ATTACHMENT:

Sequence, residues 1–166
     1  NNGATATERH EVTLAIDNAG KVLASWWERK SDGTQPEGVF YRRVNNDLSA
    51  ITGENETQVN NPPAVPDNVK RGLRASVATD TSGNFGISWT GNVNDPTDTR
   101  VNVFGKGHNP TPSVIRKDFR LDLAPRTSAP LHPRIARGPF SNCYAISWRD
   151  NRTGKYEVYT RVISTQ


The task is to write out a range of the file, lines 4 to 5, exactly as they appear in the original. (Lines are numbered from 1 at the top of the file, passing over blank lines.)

   101  VNVFGKGHNP TPSVIRKDFR LDLAPRTSAP LHPRIARGPF SNCYAISWRD
   151  NRTGKYEVYT RVISTQ